Egypt Islamists rally against ex-regime candidates

    Thousands of Islamists packed Cairo's Tahrir Square on Friday to pressure the country's ruling generals to bar Hosni Mubarak-era officials, including his former spy chief, from running in the upcoming presidential elections.

  • Soccer fans clash with riot police following a soccer match between the Al-Ahly and Al-Masry clubs at a stadium in Port Said, Egypt, on Wednesday, Feb. 1, 2012. (AP Photo)

    Egyptians blame military for deadly soccer riot

    A narrow stadium exit turned into a death trap. Crowds of Egyptian soccer fans fleeing supporters of the opposing team armed with knives, clubs and stones rushed into the corridor, only to be crushed against a locked gate, their rivals attacking from behind, survivors and witnesses said.

  • Egyptians set up an obelisk with the names of people who were killed during the 18-day uprising as they marked in Cairo's Tahrir Square on Wednesday the first anniversary of the start of the revolt that forced President Hosni Mubarak from power. (Associated Press)

    Massive protests greet anniversary of Egypt's revolution

    Hundreds of thousands of people marched Wednesday into Tahrir Square to mark the first anniversary of Egypt's revolution, as many shouted their outrage at the military council that took over after Hosni Mubarak stepped down as president in February.

  • An Egyptian protester throws a stone toward soldiers, unseen, as a building burns during clashes near Tahrir Square, in Cairo, Egypt, Saturday, Dec. 17, 2011. (AP Photo/Ahmad Hammad)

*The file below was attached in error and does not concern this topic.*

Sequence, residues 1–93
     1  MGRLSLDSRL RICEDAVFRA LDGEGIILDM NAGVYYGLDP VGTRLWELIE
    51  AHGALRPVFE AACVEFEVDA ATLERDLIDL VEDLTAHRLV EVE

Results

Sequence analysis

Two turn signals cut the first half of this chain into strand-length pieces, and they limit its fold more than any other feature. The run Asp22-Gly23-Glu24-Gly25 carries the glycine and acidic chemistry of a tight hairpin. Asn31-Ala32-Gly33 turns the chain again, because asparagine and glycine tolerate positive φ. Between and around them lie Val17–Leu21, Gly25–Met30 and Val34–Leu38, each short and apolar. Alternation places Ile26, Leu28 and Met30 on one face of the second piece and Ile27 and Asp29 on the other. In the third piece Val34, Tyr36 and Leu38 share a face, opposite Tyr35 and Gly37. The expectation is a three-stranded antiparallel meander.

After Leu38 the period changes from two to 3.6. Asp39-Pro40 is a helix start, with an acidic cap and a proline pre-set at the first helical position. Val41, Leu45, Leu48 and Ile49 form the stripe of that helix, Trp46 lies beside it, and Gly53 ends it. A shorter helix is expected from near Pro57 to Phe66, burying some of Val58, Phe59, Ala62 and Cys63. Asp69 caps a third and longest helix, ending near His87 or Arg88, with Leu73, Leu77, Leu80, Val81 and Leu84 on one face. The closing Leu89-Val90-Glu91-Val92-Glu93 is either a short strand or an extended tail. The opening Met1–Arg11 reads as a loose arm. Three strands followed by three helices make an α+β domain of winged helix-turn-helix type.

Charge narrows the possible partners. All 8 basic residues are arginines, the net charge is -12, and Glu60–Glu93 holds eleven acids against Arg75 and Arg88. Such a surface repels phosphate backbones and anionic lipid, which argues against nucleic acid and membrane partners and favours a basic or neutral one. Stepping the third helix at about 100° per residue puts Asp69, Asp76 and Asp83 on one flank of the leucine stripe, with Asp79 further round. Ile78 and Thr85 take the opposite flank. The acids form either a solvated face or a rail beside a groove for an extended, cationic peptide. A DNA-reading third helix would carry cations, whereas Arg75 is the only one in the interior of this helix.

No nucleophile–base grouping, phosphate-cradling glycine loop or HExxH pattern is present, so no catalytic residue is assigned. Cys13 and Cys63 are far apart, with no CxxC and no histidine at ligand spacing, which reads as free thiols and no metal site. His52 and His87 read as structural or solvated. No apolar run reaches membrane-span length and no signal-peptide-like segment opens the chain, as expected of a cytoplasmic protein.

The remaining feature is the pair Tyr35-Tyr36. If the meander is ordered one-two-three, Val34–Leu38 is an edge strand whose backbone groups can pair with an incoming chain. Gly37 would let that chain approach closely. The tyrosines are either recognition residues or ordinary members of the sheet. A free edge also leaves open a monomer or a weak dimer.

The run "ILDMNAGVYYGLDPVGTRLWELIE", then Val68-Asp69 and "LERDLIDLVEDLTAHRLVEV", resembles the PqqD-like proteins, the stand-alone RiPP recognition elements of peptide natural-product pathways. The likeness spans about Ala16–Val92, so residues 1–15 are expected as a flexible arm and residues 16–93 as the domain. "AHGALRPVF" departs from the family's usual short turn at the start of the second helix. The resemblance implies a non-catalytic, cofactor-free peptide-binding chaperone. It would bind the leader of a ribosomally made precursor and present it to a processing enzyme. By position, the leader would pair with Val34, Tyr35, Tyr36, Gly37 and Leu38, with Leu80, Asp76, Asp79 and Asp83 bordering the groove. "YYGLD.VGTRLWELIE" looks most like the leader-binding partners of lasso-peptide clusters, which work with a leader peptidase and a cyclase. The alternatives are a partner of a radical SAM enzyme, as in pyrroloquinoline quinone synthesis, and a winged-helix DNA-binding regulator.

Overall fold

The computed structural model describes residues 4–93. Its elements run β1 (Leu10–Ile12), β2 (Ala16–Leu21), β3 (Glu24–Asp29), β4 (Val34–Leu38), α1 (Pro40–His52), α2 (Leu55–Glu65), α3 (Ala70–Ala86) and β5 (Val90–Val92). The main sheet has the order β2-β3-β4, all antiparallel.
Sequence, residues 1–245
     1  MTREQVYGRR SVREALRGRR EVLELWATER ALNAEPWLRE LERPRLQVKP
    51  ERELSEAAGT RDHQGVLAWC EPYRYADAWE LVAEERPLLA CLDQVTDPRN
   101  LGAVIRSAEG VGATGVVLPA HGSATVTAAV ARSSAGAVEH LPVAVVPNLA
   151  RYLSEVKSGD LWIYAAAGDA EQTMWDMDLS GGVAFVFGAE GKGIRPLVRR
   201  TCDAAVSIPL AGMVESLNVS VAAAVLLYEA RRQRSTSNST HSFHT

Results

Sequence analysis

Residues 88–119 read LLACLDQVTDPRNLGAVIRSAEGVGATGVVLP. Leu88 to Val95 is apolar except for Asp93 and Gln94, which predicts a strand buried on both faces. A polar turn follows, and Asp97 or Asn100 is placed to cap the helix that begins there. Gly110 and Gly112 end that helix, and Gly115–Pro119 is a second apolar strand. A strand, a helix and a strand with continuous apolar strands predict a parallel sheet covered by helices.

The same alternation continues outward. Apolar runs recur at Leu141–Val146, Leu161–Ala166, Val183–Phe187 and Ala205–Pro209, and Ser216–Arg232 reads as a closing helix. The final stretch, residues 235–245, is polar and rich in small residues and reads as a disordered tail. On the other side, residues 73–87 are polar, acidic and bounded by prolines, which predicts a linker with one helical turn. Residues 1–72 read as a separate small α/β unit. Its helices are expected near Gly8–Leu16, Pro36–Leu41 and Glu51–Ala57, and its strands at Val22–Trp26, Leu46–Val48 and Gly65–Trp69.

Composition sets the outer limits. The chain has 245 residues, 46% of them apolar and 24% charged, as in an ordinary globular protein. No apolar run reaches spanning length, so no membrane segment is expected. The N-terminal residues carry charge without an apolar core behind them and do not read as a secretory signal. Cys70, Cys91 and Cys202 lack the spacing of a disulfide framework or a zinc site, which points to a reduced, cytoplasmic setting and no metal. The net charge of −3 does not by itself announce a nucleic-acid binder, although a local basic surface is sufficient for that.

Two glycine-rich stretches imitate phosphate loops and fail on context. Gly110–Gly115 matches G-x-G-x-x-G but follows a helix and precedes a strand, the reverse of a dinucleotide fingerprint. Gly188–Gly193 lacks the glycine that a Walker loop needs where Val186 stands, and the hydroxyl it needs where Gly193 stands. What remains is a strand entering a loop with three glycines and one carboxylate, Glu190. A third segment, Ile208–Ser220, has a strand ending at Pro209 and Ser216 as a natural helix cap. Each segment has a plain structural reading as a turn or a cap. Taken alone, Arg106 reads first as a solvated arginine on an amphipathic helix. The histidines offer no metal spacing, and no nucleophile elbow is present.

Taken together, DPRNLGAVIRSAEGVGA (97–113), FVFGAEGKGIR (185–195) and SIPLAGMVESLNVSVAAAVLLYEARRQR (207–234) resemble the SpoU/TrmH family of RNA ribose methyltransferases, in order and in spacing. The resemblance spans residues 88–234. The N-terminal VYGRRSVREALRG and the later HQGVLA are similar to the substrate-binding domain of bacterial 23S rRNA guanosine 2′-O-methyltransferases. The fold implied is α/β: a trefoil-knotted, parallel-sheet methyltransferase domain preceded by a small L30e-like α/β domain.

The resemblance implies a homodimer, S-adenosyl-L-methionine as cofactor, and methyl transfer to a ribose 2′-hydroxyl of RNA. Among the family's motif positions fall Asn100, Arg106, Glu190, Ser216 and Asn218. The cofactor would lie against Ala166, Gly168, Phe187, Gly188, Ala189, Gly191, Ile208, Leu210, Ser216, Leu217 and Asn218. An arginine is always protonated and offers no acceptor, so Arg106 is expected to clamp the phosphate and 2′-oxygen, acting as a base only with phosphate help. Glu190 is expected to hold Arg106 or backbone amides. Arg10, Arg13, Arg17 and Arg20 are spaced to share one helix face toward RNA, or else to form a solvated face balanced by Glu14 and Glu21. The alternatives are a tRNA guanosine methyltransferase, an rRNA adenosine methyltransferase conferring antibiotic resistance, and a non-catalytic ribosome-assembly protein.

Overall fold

Egypt military uses heavy hand in crushing protest

    Troops pulled women across the pavement by their hair, knocking off their Muslim headscarves. Young activists were kicked in the head until they lay motionless in Cairo's Tahrir Square.

  • Egyptians wave national flags while protesting against the country's ruling military council in Cairo's Tahrir Square on Sunday. "How can we have elections right after so many people have died?" asked farmer Hemdan El-Ready. (Associated Press)

    A question of election timing in Egypt

    Recent demonstrations and military-sponsored violence that has killed dozens of protesters have prompted many Egyptians to question whether Monday is the best time to hold the country's first parliamentary elections since the ouster of longtime President Hosni Mubarak in February.

  • Protesters, including a wounded man, chant slogans and wave Egyptian national flags during a rally in Tahrir Square in Cairo on Nov. 25, 2011. (Associated Press)

    Egypt's military under pressure from protests, U.S.

    The U.S. increased pressure Friday on Egypt's military rulers to hand over power to civilian leaders, and the generals turned to a Mubarak-era politician to head a new government in a move that failed to satisfy the more than 100,000 protesters who jammed Tahrir Square in the biggest rally yet this week.